REVIEW: Article

A Race Between Cooperation and Catastrophe

I have spent a large portion of my life attempting to communicate in clear and understandable words, so I have developed a keen appreciation for those who can capture a complicated subject with a succinct phrase. One of my favorites:  When asked to give a definition of foreign policy, Dean Acheson replied, “It’s one damn thing after another.” Today, in the national security arena, we not only have one damn thing after another, we have one damn change after another—some of them big and sweeping. 

The greatest dangers we faced during the Cold War were addressed primarily by confrontation with Moscow.  The greatest threats we face today—catastrophic terrorism, a rise in the number of nuclear weapons states, increasing danger of mistaken, accidental or unauthorized nuclear launch—we can successfully address only in cooperation with Moscow and many other capitals. 

These changes have come in the last 15 years, and have left us with serious security gaps—not because the new threats cannot be countered, but because they have changed quickly, and our responses are changing slowly.

The Greatest Danger 

In my view, the threat of terrorism with nuclear weapons and other weapons of mass destruction presents the gravest danger to our nation and the world.

  • We know that al-Qaeda is seeking nuclear weapons. We don’t know how many other groups may also have similar ambitions.
  • We know that nuclear material al-Qaeda desires is housed in many poorly secured sites around the globe.
  • We believe that if they get that material, they can build a nuclear weapon.
  • We believe that if they build a nuclear weapon, they will use it.

I am not sure we fully grasp the devastating, world-changing impact of a nuclear attack. If a ten-kiloton nuclear device goes off in mid-town Manhattan on a typical work day, it could kill more than half a million people. Ten kilotons, a plausible yield for a crude terrorist bomb, has the power of 10,000 tons of TNT. To haul that volume of explosives, you would need a cargo train one hundred cars long. But if it were a nuclear bomb, it could fit into the back of a truck. Beyond the immediate deaths and the lives that would be shortened by radioactive fallout, the casualty list also would include an erosion of civil liberties, privacy and the world economy. 

So American citizens have every reason to ask, “Are we doing all we can to prevent a nuclear attack?” The simple answer is “no, we are not.”

Our slowness in adapting has not prevented us from taking several important steps.  In particular, the Nunn-Lugar Cooperative Threat Reduction program has been working since 1991 to secure and destroy weapons and materials in the former Soviet Union. In addition to helping Russia remove thousands of warheads, this funding helped Kazakhstan, Ukraine and Belarus implement a critically important decision to give up all their nuclear weapons. The United States and Russia, working together, have completed approximately 50 percent of the job of securing nuclear weapons and materials in Russia.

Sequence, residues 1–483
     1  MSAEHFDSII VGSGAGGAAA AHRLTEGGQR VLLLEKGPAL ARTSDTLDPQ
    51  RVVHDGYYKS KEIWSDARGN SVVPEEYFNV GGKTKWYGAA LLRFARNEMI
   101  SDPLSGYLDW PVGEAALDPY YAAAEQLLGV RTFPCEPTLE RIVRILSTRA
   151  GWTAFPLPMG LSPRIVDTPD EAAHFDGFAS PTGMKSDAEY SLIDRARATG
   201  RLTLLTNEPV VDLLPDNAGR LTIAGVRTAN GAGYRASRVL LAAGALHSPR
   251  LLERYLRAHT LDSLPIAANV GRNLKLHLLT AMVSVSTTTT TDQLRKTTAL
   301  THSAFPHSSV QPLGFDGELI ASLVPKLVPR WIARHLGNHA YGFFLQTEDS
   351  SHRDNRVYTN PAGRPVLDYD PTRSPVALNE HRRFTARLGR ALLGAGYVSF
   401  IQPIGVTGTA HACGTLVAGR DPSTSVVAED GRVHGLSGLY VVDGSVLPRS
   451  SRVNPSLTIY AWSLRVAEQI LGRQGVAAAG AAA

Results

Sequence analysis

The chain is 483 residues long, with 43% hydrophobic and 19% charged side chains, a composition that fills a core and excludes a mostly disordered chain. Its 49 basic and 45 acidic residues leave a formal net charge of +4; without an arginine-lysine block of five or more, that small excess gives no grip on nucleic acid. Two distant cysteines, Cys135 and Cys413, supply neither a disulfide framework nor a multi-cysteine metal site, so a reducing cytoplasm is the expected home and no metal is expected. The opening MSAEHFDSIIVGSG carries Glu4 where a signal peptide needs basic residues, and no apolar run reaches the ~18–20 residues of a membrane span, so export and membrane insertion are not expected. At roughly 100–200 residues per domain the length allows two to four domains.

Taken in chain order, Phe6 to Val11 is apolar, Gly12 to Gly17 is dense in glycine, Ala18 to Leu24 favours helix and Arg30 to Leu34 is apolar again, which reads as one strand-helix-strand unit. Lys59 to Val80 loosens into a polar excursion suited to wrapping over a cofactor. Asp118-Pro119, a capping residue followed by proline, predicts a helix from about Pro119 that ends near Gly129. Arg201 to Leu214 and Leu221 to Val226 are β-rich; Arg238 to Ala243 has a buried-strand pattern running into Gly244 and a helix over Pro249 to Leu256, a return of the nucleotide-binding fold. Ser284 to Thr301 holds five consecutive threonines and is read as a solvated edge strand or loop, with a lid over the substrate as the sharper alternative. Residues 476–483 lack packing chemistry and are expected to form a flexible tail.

However, according to a February 2007 report by Matthew Bunn and Anthony Wier of Harvard University, the Bush administration’s proposed Fiscal Year 2008 budget for cooperative threat reduction “would reduce the overall funds available and launch few initiatives or approaches to address the urgent threats posed by inadequately controlled nuclear weapons, materials and expertise.” According to the report, “overall, if Congress adopted the administration’s proposal in its entirety, the cumulative resources available to programs focused on improving controls over nuclear weapons, materials and expertise would decline to $996 million, 11 percent below the FY 2006 level (the most recent year for which easy comparisons are available, because of Congressional delays in passing appropriations bills to fund most federal programs for FY 2007).”

While sustained, focused leadership from President Bush, President Putin and other world leaders is the key ingredient for removing obstacles and ensuring serious progress, I am puzzled that budgets for these essential threat reduction programs may be seriously reduced. I believe this would be a step in the wrong direction, but I also believe that support in the Congress is growing and that changes can be made.

The Race Between Cooperation and Catastrophe

Increasingly, we are being warned that an act of nuclear terrorism is inevitable.  I am not willing to concede that point. But I do believe that unless we greatly elevate our efforts and the speed of our response, we could face disaster.

We are in a race between cooperation and catastrophe, and the threat is outrunning our response.

In his last year in office, when President Reagan was asked what he believed was the most important need in international relations, he talked of the need to cooperate against a common threat.  He said:  “What if all of us discovered that we were threatened by a power from outer space—from another planet. Wouldn’t we come together to fight that particular threat?”

I submit that when weapons of mass destruction are at the fingertips of individuals and groups who are eager to use them to inflict massive damage to mankind, President Reagan’s question “wouldn’t we come together to fight that threat?” should be front and center for the United States, for Russia, and for the world.